Contemporary Western social policy encourages older adults to maintain independence in the community. Socio-cultural norms of independence have recently become associated with successful ageing. Personal autonomy and self-responsibility are cultural markers by which older adults increasingly define their lives and identity. Many older adults seek to remain independent within their communities, while coping with age-related decline, and living alone with decreased social connectedness. These characteristics have also been associated with personal and social vulnerability and explain why older adults are at higher risk of experiencing disproportionate negative outcomes during disasters. This paper describes findings from narrative interviews with a sample of independent community-dwelling New Zealand older adults. The interviews sought to explore their views about disaster preparedness. However, within their accounts was a collective and bigger story about personal preparedness, and social relationships in later life, which extended beyond the context of preparing for a future disaster event. Older adults identified age-specific preparedness as a way to maintain independence in the everyday context of their lives. Concerns about health influenced their choices and actions as they evaluated and prioritised goals and strategies to maintain independence and wellbeing. Social relationships were also considered an important resource to support independence. Understanding the role of preparedness in the everyday lives of older adults has implications for improving the disproportionate negative outcomes this vulnerable age group can experience during a disaster. Therefore, health, gerontology and emergency management have much in common when considering older adults' preparedness during non-disaster times.
National differences in cognitive health of older adults provide an opportunity to shed light on etiological factors. We compared the cognitive health of older adults in New Zealand and the USA, and examined differences in known risk factors.
Two nationally representative samples were derived from the 2010 waves of the New Zealand Longitudinal Study of Ageing (n = 953) and the US Health and Retirement Study (HRS) (n = 3,746). Data from comparable measures of cognitive function, gender, age, income, education, prevalence of cancer, diabetes, heart disease, hypertension and stroke, exercise, alcohol consumption, smoker status, depression, and self-reported health were subjected to hierarchical regression analysis to examine how national differences in cognitive function might be explained by differences in these risk factors.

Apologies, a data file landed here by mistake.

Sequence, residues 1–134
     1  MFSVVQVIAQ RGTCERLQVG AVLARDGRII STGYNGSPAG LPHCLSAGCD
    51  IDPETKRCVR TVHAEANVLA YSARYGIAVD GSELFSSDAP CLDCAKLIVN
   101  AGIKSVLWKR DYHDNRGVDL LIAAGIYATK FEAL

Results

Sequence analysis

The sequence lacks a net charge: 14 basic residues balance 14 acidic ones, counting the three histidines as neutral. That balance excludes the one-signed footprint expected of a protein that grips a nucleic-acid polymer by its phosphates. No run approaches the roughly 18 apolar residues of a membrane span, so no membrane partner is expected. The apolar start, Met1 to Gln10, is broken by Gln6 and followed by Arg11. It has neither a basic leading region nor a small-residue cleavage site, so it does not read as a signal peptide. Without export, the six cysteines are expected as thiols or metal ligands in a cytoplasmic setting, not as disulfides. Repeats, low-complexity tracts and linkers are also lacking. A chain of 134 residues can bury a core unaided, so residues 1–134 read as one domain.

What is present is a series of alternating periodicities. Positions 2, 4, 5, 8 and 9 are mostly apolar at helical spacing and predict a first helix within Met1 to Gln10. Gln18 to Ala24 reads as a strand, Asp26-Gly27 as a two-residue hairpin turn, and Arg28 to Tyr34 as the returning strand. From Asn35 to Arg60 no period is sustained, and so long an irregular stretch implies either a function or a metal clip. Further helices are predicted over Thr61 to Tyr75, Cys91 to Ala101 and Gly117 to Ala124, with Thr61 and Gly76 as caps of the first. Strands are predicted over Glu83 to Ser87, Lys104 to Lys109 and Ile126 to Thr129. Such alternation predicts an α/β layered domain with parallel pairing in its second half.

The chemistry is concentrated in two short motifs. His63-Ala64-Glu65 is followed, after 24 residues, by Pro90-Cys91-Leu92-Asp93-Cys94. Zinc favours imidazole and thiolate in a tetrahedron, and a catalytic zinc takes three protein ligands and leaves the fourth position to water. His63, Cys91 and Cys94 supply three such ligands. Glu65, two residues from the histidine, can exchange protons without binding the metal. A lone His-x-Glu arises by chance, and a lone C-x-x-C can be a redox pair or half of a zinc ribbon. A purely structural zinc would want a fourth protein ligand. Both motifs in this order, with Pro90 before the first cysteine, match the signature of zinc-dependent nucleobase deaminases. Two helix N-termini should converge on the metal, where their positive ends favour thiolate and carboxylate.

The New Zealand sample scored 4.4 points higher on average than the US sample on the 43 point cognitive scale. Regression analyses of the combined samples showed that poorer cognitive health is more likely in those who are male, older, less educated, have suffered a stroke, consume alcohol less frequently, are more depressed, and report worse overall health. Controlling for age and sex reduced the mean difference to 2.6 and controlling for risk factors further reduced it to 2.3.
Older New Zealand adults displayed better cognitive function than those in a US sample. This advantage can be partially explained by age and sex differences and, to some extent, by differences in known risk factors. However, the national advantage remained even when all measured risk factors are statistically controlled.
The impact of disparities in socio-economic status on the health of older people is an important issue for policy makers in the context of population ageing. As older people live in different types of economic circumstances and because, as people age, their desires and needs are different to those of younger generations, measures of living standards need to be appropriate for older people. This paper reports on the validation of a measure of living standards for older people based on Sen's Capability Approach. Using this approach, living standards are conceptualised as varying from constraint to freedom rather than from hardship to comfort. Using the New Zealand Longitudinal Study of Ageing omnibus survey of 3,923 adults aged 50–87 years, the validity of the measure was assessed. The results indicate that this measure assesses what older people are able to achieve. In addition, this measure discriminates better at the higher end of the living standards spectrum than an existing measure that assesses living standards from hardship to comfort in terms of what people possess. From this, a short form of the measure has been developed which offers a conceptually based and valid measure useful for survey research with older people. This measure of living standards provides future avenues for improved understandings of socio-economic position in later life.
Colchicine has a low therapeutic index. Its toxic effects generally occur at doses ≥ 0.5 mg/kg. We present the case of a 39-year-old female with toxicity following ingestion of 0.28 mg/kg. The patient presented to the emergency department (ED) with severe nausea, vomiting, and abdominal pain following an intentional multidrug ingestion that included colchicine, indomethacin, and zopiclone. Despite toxicologic management and supportive care, admission to the intensive care unit was required for clinical deterioration and symptom management. Shock and multiorgan failure resulted, with death occurring 52 hours postingestion. Although the toxic effects of colchicine are well documented, mortality caused by low doses is relatively uncommon. Management of toxicity consists of early diagnosis, decontamination, and supportive measures. Toxicity may be enhanced by drug interactions inhibiting metabolic enzymes or poor excretion due to renal failure. In this case, the ingestion of a nonsteroidal antiinflammatory drug and the associated volume depletion from the gastrointestinal effects of colchicine may have contributed to renal dysfunction, exacerbating the toxicity of colchicine. This ingestion of a relatively small dose of colchicine led to severe toxicity. Treatment options for colchicine toxicity are limited.